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It said it agrees with the 114,000+ people who signed the petition

The White House has responded to a petition that asks for cell phone unlocking to be legalized, and the Obama administration seems to think it's a good idea.

A petition on We the People called "It's Time to Legalize Cell Phone Unlocking" collected over 114,000 signatures. When any petition on this site accumulates over 100,000 signatures, the White House is expected to respond to it -- and as promised, it has done so.

"The White House agrees with the 114,000+ of you who believe that consumers should be able to unlock their cell phones without risking criminal or other penalties," said the official White House response.

"In fact, we believe the same principle should also apply to tablets, which are increasingly similar to smart phones. And if you have paid for your mobile device, and aren't bound by a service agreement or other obligation, you should be able to use it on another network. It's common sense, crucial for protecting consumer choice, and important for ensuring we continue to have the vibrant, competitive wireless market that delivers innovative products and solid service to meet consumers' needs."

The Obama administration further added that it would support various corrections to the situation, including new legislative rules in telecommunications stating that technological locks and/or criminal law can stop consumers from switching carriers when they're not bound by a contract.

The White House response added that the Department of Commerce's National Telecommunications and Information Administration (NTIA) will join the Federal Communications Commission (FCC) in looking into the matter of cell phone unlocking.

The FCC said it would investigate the ban on cell phone unlocking last week. More specifically, it plans to investigate whether the ban is harmful to market competitiveness and whether the executive branch has the authority to change the law.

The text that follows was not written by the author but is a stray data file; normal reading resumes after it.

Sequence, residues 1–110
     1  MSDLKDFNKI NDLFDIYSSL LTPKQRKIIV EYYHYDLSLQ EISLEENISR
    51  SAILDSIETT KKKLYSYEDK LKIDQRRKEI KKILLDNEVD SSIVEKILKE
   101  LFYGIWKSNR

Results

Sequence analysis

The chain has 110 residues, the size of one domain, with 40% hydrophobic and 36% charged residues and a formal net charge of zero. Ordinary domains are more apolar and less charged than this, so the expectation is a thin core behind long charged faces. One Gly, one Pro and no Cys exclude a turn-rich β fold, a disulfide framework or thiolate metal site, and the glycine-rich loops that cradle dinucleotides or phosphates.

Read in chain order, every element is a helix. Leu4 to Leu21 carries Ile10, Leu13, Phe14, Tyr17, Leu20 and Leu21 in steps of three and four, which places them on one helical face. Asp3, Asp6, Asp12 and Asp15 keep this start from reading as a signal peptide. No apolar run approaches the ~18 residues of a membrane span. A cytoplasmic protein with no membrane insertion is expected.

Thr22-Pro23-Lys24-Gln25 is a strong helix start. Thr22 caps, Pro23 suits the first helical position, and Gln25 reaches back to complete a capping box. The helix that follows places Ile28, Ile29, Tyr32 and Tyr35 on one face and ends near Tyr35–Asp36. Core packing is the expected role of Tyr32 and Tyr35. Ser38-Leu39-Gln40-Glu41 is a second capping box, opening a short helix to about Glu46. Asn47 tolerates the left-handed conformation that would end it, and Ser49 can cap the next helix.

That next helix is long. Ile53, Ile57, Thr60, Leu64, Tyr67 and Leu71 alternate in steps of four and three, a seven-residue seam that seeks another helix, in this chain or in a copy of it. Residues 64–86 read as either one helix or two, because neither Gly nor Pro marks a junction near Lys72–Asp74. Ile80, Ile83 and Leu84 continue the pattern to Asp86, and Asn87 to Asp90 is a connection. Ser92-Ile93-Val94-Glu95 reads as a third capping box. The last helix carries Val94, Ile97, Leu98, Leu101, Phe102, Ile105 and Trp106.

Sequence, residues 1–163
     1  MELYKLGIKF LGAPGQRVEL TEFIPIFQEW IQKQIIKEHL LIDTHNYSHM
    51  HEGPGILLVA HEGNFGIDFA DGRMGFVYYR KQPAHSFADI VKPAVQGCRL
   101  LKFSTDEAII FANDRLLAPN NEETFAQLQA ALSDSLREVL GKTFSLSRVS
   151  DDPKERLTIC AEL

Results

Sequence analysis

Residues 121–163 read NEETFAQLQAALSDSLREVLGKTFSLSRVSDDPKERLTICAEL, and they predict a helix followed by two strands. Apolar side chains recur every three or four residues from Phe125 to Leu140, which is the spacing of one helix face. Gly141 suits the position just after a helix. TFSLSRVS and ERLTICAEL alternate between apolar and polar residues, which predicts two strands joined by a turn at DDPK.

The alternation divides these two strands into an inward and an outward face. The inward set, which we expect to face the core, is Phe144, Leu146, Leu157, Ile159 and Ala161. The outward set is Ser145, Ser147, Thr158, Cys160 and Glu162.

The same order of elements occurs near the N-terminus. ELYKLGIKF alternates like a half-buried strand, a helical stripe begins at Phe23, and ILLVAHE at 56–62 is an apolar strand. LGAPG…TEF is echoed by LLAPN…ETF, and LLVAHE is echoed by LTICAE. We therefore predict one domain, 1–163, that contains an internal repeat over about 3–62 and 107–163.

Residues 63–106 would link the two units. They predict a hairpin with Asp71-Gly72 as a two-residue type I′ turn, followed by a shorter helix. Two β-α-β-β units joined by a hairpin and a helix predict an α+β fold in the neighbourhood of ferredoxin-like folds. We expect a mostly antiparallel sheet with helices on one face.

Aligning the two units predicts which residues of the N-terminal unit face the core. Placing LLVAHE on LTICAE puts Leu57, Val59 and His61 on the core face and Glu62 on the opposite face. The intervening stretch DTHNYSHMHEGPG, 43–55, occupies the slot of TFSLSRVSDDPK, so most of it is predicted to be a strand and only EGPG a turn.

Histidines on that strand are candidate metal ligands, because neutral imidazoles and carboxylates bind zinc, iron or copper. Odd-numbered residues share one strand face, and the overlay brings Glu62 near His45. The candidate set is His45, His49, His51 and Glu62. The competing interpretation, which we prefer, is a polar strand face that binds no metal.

The White House made mention that mobile providers should "consider what steps they as businesses can take to ensure that their customers can fully reap the benefits and features they expect when purchasing their devices."

Source: The White House



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By NellyFromMA on 3/5/2013 1:29:47 PM , Rating: 2
Except for the fact that you could also turn around and sell the phone for profit while it's new which that carrier decided it wouldn't. I think unlocking on contract is being a touch too greedy on this one.

If you buy it full price or you finish your contract you should be free to unlock.

The truth is, the subsidized phone model is effing stupid for all of these reasons.

It's another finance American's really shouldn't make. If you want the phone, buy it. I did and its working GREAT for me.

All the BS of the contract and subsidized phone is really just a consumer trap. Big surprise, I'm sure.

Saying you can buy the phone subsidized and potentially turn around and sell it for profit while on contract is just all consumer is just ignoring practicality kind of in the same light that the telco's are. Two wrongs and what not.


By augiem on 3/5/2013 3:33:23 PM , Rating: 2
Problem is, consumers are not intelligent enough to realize this.

http://online.wsj.com/article/SB100014241278873232...

Leap wireless can't sell enough iPhones to meet their contractual obligations. Why? They have to charge full price for the phones. Nevermind you probably save several hundred dollars over the 2 years vs AT&T, Verizon, Sprint, etc.

Consumers in general have to be tricked out of their money. It's tried and true and it works. Just look at the rise of freemium games. People on average pay more per year to play Farmville or Restaurant City than they do any AAA blockbuster title.


By CZroe on 3/9/2013 10:39:21 PM , Rating: 2
It shouldn't matter. It's a SERVICE contract that you are obligated to pay for regardless of what phone you use with it. If I am eligible for an upgrade but am perfectly fine with the phone and contract terms I have, I may renew my contract specifically to unlock and sell a new phone while continuing my obligation with my old phone. See? The phone should not be held hostage when the agreement obligates you either way. It's leverage and it should not be.


"We basically took a look at this situation and said, this is bullshit." -- Newegg Chief Legal Officer Lee Cheng's take on patent troll Soverain

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